Low consumer confidence in funding retirement careNews added by Benefits Pro on November 30, 2012
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By Paula Aven Gladych

Most consumers aren’t sure they will be able to cover their long-term care costs in retirement. That lack of confidence increases as people age.

A report by The Insured Retirement Institute found that 28 percent of Generation X are confident they will be able to meet their long-term care costs, but only 24 percent of Baby Boomers have the same opinion.

"There's an out-of-sight, out-of-mind mentality regarding long-term care," IRI President and CEO Cathy Weatherford said. "As consumers near retirement, the realization sets in that long-term care may be required and many begin to understand just how expensive it can be. Without a plan, the thought of meeting long-term care needs for either an individual or family member can be daunting. Yet when it comes to long-term care, similar to many other facets of retirement planning, the silver lining is that those who consult a financial professional have more confidence in covering the costs during retirement."

The report also found that women have lower levels of confidence in covering long-term care costs in retirement compared to their male counterparts. This is particularly concerning because women tend to have greater long-term care needs, as they live longer on average and are more likely to live into advanced ages when the need for long-term care is greatest. Across both genders, singles and those with income of less than $30,000 per year also had lower levels of confidence in meeting long-term care costs.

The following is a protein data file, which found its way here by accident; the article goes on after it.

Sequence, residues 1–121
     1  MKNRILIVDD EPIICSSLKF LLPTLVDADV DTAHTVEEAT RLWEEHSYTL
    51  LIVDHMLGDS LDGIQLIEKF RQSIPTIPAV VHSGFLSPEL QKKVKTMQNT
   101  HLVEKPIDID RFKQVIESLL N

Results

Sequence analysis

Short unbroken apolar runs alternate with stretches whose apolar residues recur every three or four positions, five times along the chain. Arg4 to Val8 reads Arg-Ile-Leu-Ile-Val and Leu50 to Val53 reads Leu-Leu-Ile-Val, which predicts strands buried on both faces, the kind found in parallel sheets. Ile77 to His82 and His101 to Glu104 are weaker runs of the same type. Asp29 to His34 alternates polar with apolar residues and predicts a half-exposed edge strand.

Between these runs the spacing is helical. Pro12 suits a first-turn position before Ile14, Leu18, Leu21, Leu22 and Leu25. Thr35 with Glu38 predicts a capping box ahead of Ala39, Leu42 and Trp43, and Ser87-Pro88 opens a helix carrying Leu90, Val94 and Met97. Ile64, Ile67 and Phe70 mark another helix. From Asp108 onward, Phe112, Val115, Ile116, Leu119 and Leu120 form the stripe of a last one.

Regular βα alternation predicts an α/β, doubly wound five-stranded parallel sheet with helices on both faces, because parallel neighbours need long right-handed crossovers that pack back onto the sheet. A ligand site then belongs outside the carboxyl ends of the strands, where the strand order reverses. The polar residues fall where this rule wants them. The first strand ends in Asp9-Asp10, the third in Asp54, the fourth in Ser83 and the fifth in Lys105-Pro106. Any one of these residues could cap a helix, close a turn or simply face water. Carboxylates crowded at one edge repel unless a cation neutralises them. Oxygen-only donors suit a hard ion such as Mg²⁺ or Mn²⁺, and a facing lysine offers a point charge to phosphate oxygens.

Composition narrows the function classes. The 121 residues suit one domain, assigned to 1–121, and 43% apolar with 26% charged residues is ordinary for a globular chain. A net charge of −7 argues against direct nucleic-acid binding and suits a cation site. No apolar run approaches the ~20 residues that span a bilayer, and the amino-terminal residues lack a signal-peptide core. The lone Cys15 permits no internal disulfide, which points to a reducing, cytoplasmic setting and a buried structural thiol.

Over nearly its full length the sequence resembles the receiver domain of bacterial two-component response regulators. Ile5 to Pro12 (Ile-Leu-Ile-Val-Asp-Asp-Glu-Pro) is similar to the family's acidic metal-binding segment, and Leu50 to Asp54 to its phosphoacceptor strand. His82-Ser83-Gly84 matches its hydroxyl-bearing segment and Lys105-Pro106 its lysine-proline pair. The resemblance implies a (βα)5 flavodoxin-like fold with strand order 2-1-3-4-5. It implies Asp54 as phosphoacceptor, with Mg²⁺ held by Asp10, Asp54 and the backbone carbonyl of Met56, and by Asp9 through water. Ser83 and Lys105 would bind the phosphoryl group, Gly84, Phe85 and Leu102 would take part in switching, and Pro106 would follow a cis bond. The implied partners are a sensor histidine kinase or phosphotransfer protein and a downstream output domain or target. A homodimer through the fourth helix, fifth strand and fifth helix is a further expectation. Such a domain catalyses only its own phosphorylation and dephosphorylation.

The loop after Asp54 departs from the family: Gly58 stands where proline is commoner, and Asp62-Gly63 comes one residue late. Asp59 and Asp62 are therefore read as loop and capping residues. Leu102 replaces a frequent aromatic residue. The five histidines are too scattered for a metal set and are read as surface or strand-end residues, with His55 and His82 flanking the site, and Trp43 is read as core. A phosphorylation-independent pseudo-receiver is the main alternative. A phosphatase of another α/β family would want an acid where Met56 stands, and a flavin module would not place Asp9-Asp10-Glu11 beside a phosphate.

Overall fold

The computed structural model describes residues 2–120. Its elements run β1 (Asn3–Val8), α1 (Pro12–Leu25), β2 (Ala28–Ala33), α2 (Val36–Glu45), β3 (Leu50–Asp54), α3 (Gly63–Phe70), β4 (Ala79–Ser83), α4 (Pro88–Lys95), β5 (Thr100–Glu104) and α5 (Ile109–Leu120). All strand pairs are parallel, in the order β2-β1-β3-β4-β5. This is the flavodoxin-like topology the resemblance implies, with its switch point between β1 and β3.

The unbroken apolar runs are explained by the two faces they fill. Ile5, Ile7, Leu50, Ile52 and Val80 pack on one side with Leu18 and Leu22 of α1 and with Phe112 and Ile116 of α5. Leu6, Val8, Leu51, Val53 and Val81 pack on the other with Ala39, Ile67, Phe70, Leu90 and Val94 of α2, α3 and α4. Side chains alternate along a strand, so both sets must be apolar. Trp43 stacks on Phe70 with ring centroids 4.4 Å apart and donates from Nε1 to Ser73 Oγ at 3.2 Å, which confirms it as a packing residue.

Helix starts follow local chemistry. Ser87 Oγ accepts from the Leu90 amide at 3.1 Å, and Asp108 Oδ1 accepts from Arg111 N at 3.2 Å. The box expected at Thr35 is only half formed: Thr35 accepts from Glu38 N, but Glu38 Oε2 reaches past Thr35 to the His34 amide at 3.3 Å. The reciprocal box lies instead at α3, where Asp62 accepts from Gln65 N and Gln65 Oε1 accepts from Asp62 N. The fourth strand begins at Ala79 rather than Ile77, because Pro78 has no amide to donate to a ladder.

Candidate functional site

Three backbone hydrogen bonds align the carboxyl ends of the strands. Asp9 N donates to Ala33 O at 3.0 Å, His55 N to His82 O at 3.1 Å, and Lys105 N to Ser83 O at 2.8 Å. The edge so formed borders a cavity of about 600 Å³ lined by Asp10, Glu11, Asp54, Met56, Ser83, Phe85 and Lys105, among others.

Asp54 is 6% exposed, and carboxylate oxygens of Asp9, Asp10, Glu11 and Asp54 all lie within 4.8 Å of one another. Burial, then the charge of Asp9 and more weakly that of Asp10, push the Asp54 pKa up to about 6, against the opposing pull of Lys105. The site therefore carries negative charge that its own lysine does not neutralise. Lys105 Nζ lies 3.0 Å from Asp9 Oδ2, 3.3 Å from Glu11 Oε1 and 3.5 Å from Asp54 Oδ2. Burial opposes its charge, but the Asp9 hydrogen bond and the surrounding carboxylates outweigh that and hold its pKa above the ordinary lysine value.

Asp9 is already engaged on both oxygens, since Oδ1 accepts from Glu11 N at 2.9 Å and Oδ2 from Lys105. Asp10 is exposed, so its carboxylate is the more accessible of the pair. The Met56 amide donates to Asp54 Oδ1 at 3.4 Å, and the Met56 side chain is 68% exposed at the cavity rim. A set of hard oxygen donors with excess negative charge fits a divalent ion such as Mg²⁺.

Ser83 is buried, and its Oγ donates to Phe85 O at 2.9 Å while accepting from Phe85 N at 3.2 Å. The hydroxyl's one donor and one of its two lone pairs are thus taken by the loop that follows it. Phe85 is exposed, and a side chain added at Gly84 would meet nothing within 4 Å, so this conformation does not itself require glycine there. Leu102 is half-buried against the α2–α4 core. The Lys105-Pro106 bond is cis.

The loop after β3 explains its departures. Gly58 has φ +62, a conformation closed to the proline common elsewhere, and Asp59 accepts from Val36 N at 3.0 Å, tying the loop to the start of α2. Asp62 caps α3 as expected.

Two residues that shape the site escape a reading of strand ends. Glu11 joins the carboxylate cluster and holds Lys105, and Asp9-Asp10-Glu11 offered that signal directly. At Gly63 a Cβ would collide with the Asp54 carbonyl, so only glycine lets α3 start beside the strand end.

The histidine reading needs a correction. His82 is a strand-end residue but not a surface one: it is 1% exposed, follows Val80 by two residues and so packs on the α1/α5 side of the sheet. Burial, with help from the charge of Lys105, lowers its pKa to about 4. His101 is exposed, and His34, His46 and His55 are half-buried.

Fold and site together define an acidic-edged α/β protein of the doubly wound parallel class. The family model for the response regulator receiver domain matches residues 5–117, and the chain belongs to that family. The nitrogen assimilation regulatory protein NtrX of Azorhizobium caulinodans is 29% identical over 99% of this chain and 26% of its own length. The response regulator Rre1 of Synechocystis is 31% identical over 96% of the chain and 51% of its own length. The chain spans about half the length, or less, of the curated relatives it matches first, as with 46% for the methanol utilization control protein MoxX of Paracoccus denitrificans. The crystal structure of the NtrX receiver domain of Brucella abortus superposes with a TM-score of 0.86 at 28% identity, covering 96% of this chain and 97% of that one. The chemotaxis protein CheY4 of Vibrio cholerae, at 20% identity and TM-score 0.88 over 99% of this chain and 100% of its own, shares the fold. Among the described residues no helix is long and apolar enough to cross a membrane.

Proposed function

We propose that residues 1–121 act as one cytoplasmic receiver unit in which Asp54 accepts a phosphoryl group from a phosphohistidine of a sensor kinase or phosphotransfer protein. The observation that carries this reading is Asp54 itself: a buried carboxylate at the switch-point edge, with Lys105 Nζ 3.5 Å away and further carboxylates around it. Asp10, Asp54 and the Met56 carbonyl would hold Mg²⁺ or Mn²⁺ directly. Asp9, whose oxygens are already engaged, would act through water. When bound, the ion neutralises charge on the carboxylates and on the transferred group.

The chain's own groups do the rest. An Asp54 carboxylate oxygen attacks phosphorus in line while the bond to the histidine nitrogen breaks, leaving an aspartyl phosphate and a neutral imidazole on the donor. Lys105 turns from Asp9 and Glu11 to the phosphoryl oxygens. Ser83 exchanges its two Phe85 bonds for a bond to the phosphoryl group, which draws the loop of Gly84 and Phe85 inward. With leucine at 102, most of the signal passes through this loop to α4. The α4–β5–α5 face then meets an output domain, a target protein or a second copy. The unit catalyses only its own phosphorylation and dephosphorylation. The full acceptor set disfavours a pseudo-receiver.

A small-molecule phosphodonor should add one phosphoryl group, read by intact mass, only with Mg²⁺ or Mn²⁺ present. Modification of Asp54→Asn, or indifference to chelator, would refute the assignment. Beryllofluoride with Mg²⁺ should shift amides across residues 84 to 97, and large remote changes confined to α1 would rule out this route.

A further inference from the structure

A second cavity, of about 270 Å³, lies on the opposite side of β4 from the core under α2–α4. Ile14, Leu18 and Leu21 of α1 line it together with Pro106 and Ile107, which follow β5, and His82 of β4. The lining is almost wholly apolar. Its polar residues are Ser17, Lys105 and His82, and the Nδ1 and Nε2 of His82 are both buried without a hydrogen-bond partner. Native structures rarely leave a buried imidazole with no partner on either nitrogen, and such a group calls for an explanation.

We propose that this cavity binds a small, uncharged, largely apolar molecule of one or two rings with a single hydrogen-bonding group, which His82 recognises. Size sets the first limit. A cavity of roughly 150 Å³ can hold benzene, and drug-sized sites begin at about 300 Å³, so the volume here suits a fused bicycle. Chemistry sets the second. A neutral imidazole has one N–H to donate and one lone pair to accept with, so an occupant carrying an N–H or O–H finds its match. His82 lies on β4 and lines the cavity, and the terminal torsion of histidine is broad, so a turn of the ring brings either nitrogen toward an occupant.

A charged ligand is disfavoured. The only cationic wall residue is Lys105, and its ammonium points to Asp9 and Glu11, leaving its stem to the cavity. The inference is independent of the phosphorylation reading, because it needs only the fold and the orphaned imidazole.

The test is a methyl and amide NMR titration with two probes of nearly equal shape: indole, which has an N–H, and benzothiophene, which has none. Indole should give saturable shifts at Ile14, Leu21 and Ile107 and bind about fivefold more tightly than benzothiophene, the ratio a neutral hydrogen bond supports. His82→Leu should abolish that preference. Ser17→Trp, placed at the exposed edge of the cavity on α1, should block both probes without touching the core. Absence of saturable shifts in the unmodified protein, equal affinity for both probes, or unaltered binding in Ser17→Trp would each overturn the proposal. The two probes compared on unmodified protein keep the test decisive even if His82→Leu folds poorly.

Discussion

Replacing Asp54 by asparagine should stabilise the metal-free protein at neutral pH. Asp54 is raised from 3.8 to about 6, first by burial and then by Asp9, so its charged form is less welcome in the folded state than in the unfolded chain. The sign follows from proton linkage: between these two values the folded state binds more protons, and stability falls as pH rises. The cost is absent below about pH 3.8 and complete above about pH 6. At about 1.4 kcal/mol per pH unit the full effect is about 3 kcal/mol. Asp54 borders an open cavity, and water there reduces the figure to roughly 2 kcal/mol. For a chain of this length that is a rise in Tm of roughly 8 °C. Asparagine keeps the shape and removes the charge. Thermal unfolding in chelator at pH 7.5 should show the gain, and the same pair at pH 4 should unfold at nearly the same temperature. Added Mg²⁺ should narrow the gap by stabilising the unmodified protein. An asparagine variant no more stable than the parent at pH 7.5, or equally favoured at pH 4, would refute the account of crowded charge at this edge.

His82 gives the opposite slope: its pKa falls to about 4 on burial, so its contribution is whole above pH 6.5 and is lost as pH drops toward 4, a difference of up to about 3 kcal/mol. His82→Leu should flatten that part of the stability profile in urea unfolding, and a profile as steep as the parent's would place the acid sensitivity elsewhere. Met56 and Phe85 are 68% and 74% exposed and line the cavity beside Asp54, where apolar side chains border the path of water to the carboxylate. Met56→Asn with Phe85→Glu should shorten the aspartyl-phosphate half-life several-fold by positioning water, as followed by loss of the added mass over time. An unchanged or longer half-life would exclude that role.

While individuals lack confidence in paying for their long-term care expenses, confidence in covering those costs for parents is even more depressed, according to the report. Only 21 percent of GenXers and 14 percent of Boomers were confident in meeting these costs for their parents.

IRI found that confidence levels increase when a person works with a financial advisor to develop a plan to meet the costs of long-term care. Among Boomers, confidence levels in having enough money for long-term care costs increased about 58 percent for those who work with an advisor.

“According to the Census Bureau, the number of individuals age 85 and older is projected to increase by 52 percent over the next 20 years,” the report stated. Those who are over the age of 80 are most likely to need long-term care.

In 2010, 71 percent had a disability, 56 percent had a severe disability and 30 percent only needed some assistance with daily living.

The Insured Retirement Institute (IRI) is a not-for-profit organization that for twenty years has been a mainstay of service, commitment and collaboration within the insured retirement industry.

Originally published on BenefitsPro.com
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